harold-rosenberg

Art as action rests on the enormous assumption that the artist accepts as real only that which he is in the process of creating…The artist works in a condition of open possibility, risking, to follow Kierkegaard, the anguish of the aesthetic, which accompanies possibility lacking in reality….Each stroke had to be a decision, and was answered by a new question. By its very nature, action painting is painting in the medium of difficulties.
—  Harold Rosenberg

“The moral principle of photographic portraiture is respect for the identity of the subject. Such respect does not come naturally in a medium that can without effort produce countless unrelated likenesses of the same object. Light, of which photographs are made, can endow people and scenes with emotional associations that are completely irrelevant to them – a half-lighted face transforms every girl reading into a pensive madonna. To achieve truth, the photographer needs to curtail his resources, which means he must make photography more difficult.”

Harold Rosenberg, from his essay Introduction to Avedon’s “Portraits,” 1976

From Picasso Gorky learned: above all, keep at it. If you have no ideas, draw the model. If you have no model, copy reproductions. If you are depressed, draw; if you get drunk, go home and start a picture. If there is shooting outside the window, go on drawing. For the artist, there is only one real situation, and only one salvation: art.
—  “Arshile Gorky:  The Man, The Time, The Idea”, by Harold Rosenberg, 1962

Archives tell the stories of people’s lives—their fears and passions as well as their worldly accomplishments. You never know what personal gems you might find.

The papers of art critic Harold Rosenberg at the Getty Research Institute include this undated letter from photographer Dorothy Norman with an invitation to a gathering featuring Martin Luther King, Jr. in support of CORE and the Southern Christian Leadership Conference. King—as well as James Baldwin, Aaron Copland, Ralph Ellison, Allen Ginsberg, and other luminaries—was often to be found in Norman’s New York City townhouse.

The letter refers to the sit-ins of the early 1960s that began when African American students met with violence, resistance, and arrest for ordering coffee at “whites only” lunch counters.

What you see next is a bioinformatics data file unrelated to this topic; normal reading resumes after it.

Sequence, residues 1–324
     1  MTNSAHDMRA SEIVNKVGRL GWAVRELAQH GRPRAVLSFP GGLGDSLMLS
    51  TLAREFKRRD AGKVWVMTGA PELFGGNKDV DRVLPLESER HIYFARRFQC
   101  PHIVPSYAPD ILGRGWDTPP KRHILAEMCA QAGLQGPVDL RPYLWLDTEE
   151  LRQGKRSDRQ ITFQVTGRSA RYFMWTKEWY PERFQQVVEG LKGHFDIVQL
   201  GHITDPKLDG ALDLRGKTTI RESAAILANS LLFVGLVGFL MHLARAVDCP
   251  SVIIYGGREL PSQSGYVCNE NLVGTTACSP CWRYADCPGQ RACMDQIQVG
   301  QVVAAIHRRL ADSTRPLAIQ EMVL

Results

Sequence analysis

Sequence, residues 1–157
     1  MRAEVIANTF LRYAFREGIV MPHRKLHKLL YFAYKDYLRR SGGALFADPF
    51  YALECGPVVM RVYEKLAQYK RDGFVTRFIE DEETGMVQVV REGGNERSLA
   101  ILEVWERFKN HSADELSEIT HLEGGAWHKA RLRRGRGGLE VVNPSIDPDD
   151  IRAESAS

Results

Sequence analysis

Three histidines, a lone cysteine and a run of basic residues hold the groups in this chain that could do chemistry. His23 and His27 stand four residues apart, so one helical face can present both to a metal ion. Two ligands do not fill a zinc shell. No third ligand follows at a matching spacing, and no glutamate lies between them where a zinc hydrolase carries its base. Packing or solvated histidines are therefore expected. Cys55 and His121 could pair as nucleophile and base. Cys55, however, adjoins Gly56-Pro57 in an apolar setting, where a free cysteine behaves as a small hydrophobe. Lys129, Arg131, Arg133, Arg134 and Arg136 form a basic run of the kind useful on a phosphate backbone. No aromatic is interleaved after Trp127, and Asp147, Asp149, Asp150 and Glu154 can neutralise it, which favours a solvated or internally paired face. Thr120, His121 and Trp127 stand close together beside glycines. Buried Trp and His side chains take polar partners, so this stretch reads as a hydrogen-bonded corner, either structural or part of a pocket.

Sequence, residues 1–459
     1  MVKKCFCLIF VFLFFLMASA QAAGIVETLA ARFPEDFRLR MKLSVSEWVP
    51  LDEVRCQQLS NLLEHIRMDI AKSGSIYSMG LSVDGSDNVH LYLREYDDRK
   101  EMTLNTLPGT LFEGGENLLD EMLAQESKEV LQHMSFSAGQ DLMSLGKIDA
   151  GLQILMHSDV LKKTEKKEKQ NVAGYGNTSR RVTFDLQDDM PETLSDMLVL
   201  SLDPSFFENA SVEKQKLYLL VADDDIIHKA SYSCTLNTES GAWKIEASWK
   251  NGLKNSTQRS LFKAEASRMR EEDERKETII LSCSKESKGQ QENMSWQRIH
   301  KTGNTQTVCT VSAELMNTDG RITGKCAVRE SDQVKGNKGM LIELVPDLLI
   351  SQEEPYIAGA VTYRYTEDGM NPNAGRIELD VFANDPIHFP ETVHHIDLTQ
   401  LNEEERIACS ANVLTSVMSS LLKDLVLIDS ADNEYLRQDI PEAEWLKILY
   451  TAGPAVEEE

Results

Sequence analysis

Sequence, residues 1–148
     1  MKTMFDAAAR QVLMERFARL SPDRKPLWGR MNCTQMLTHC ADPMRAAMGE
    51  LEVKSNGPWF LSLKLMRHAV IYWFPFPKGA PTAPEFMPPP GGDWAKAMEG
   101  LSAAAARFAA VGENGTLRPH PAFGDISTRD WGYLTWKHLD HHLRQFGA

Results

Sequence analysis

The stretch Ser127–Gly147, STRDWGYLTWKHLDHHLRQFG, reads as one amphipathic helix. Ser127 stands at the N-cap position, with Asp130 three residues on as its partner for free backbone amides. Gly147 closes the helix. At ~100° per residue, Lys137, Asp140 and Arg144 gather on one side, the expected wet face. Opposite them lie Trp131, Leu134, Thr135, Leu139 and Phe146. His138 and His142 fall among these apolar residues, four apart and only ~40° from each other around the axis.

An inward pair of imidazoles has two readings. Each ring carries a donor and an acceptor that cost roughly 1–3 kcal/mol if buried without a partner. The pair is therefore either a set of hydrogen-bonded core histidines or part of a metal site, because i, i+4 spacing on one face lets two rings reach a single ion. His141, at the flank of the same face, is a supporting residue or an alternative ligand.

Transcription of the letter

won’t you join me
and

Eleanor Roosevelt                      Lillian Smith
Reverend Martin Luther King     James Baldwin

to meet with
leaders of the Student Sit-Ins

who have been in jail

to create further
public support
for
CORE
(Congress on Racial Equity)
and
Reverend King’s Southern Leadership Conference
two groups
providing crucial moral leadership
in the non-violent struggle
in the South today

at my home
124 East 70th Street
Friday, February 3rd 5:30–8 P.M.

Because of the importance of the occasion, and space
limitations, the favor of an early reply will
be greatly appreciated — R.S.V.P. — Regent 7-0722

Pollock

En lugar de utilizar caballete y pinceles, colocaba en el suelo el lienzo y sobre él vertía o dejaba gotear la pintura, que manipulaba después con palos u otras herramientas, e incluso a veces le daba una gran consistencia mediante la adición de arena e incluso fragmentos de vidrio.

Gracias al apoyo de algunos críticos como Harold Rosenberg, su nombre, asociado a las obras realizadas con la técnica del dripping, se convirtió en uno de los más significativos del expresionismo abstracto y de la action painting, tendencia de la que, con De Kooning, es el representante más típico y destacado. Fue además uno de los primeros artistas en eliminar de sus obras el concepto de composición y en mezclar signos caligráficos con los trazos pictóricos.

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Eyes in the Heat

To be Modern Art a work need not be either modern nor art ; it need not even be a work. A three-thousand yeur-old mask from the South Pacific qualifies as Modern and a piece of wood found on a beach becomes Art.
—  Harold Rosenberg, cité par Thierry de Duve, in Au nom de l'art, Les éditions de minuit, Paris, 1989, p. 107.